Wolf Road Prairie Monarchs: A Wing and a Prayer

“Coming in on a wing and a prayer, what a show…”–Harold Adamson


Sunday morning dawns bright, windy, and clear. A lone green darner dragonfly zips away as Jeff and I step onto the crumbling sidewalk—one of many sidewalks that run through the 82-acre Wolf Road Prairie remnant in Westchester, Illinois.

Sidewalks? In a prairie? It’s a part of Wolf Road Prairie’s heritage. The sidewalks were built on this remnant prairie as part of a planned development. The prairie was subdivided into almost 600 lots in the 1920s. Then, the Great Depression hit, and ended the project before more construction was completed. A lucky break for the tallgrass.

Later, proposed development in the 1970s was thwarted by the conservation-minded Save the Prairie Organization. Thanks to their work, and the work of the Illinois Department of Natural Resources, Salt Creek Greenway Association, and Forest Preserve District of Cook County, we have this amazing designated Illinois Nature Preserve to hike through this morning.

Although there are more than 360 native plant species as part of Wolf Road Prairie’s mosaic of prairie, wetland, and savanna for us to admire and identify…

…we are here today to hike and see what dragonflies are out and about.

What you look for isn’t always what you find.

Monarch! Jeff points to a butterfly nectaring on one of the sawtooth sunflowers that floods the prairie with color. We enjoy the contrast of the butterfly’s bright orange and black against the yellow for a moment, and then…Another one over here!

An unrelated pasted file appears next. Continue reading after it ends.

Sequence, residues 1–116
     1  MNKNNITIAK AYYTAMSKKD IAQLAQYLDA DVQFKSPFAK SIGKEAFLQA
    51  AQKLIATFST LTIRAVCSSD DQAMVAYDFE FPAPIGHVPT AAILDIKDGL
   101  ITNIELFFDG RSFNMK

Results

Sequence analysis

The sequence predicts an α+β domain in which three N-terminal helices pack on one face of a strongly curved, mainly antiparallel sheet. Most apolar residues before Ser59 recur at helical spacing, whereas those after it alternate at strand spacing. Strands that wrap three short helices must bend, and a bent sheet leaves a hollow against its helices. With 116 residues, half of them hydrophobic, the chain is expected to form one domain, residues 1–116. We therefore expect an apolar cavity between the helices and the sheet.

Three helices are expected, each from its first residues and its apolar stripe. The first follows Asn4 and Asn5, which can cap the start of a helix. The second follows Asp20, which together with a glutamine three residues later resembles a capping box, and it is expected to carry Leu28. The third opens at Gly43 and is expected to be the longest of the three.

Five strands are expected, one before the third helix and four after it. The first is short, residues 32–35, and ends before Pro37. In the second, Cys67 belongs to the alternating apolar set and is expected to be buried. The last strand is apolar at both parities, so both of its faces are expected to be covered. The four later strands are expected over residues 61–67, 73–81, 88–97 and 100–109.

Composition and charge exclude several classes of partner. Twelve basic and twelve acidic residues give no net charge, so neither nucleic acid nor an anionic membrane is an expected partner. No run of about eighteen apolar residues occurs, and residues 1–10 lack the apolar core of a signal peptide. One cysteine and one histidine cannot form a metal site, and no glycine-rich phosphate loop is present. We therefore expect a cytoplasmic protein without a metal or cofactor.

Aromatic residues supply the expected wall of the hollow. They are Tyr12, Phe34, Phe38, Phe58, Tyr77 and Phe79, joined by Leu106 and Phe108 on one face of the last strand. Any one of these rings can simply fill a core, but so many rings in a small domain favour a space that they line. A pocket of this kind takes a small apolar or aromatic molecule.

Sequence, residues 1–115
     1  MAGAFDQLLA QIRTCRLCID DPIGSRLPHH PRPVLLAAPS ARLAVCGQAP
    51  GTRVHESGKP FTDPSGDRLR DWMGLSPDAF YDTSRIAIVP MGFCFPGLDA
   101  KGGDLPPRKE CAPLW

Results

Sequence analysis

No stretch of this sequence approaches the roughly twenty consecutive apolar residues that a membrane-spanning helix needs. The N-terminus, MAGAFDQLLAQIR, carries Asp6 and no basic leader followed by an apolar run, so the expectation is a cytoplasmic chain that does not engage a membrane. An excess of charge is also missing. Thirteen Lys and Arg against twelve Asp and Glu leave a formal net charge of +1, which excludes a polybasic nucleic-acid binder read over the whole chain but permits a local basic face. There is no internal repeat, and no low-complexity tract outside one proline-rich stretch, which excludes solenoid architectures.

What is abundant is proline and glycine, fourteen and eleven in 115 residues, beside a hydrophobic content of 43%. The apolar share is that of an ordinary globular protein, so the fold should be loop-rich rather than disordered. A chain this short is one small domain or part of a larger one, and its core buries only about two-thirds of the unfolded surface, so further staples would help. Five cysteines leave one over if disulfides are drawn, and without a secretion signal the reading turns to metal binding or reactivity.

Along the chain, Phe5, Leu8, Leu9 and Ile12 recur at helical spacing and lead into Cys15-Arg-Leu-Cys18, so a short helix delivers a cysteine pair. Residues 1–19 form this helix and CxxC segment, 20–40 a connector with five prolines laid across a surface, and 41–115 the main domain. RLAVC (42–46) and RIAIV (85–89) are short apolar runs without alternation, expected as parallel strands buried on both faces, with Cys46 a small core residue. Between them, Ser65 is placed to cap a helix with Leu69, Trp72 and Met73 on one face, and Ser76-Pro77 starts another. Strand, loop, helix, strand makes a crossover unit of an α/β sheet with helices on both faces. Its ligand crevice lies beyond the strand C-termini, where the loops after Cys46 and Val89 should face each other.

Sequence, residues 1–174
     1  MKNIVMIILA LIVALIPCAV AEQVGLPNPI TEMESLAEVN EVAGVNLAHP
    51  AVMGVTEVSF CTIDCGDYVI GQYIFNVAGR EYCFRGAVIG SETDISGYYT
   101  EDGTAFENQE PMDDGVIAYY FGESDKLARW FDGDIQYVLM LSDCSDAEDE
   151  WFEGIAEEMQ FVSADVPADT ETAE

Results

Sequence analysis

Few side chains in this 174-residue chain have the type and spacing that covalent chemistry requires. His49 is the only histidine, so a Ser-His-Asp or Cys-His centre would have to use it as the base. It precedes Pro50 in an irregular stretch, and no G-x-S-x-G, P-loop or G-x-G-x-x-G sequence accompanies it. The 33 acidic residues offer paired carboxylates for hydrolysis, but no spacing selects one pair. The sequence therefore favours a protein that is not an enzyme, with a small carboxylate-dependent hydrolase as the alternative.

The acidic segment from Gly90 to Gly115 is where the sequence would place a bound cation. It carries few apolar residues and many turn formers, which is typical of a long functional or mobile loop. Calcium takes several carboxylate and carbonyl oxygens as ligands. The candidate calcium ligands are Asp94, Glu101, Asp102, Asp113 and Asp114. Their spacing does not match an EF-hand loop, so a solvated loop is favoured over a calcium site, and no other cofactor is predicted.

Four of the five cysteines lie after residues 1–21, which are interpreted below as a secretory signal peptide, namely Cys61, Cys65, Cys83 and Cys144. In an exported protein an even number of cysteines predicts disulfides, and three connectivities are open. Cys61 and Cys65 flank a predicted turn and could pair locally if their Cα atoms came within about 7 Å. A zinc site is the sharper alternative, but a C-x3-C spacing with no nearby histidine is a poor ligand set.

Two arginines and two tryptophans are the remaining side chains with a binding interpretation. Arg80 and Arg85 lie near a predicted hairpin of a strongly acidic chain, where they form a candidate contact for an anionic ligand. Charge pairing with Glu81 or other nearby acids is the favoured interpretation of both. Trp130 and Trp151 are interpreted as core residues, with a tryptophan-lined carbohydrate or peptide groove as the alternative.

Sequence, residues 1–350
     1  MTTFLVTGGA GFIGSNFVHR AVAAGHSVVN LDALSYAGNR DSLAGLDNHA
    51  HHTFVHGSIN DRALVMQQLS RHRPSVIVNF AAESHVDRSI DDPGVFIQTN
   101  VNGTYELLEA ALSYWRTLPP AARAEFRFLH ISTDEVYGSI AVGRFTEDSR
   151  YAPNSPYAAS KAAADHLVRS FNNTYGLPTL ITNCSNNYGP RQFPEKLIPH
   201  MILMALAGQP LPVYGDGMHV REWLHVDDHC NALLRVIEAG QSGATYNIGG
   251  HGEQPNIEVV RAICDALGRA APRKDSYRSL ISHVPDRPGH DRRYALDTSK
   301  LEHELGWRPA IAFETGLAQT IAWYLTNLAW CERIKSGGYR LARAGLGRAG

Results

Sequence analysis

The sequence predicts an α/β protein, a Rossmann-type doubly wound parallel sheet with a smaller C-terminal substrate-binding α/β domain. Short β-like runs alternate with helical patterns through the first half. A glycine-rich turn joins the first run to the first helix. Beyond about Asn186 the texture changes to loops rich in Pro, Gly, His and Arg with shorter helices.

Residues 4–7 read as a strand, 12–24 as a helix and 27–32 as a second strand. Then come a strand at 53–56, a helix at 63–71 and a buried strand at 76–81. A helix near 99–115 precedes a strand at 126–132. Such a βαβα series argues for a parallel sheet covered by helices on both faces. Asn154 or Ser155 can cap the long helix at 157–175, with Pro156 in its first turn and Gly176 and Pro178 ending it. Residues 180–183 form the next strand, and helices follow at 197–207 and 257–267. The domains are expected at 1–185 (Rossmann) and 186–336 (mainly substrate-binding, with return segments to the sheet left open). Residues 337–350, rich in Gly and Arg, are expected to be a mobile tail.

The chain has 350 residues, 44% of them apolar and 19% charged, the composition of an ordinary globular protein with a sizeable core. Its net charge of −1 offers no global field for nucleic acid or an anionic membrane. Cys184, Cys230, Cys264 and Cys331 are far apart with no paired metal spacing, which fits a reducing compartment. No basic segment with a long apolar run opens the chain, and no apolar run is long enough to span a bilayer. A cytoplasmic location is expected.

A monarch over our heads. I point. Here’s another one! A monarch brushes my shoulder on its way to the goldenrod. Suddenly, we see monarchs everywhere.

As we hike, butterflies pop up from the prairie wildflowers, disturbed in the act of fueling up for the long journey south to Mexico.

Others dance their butterfly ballet across the sky, sometimes singly, other times in twos. As we hike, we are hit with the realization. This is monarch migration.

In my almost six decades, I’ve only seen this phenomenon once before — at Kankakee Sands at dusk in northwestern Indiana. On September 18 in 2018, we had stopped on the way home from visiting family in Indiana with hopes to see The Nature Conservancy’s new bison herd. Instead, we saw monarchs. Hundreds of them. (Read about that experience here.)

Now, on Wolf Prairie, we hike and we count. Then, we give up. Too many monarchs. We just enjoy them. After an hour, we reluctantly head home. But the images of butterflies and wildflowers linger.

Jeff and I talk about the monarch migration off and on all day. Finally, around dinner time, we look at each other and nod. Let’s go back. We decide to”borrow” two of the grandkids for the trip. We want them to see this epic gathering—one we have talked about with them since they were born.

But—will the monarchs still be there, hours later?

They are.

Nectaring on sunflowers.

Juicing up on tall boneset.

Dining on pasture thistle.

Sipping from goldenrod.

Monarchs in motion. Seeing them on so many different wildflowers is a good reminder that monarchs need more than milkweed. A lot more. They need fall blooming plants that will provide nectar as they travel thousands of miles to their final destination.

They need what we find on a healthy tallgrass preserve like Wolf Road Prairie. It’s these preserved natural areas that help ensure the monarch’s survival.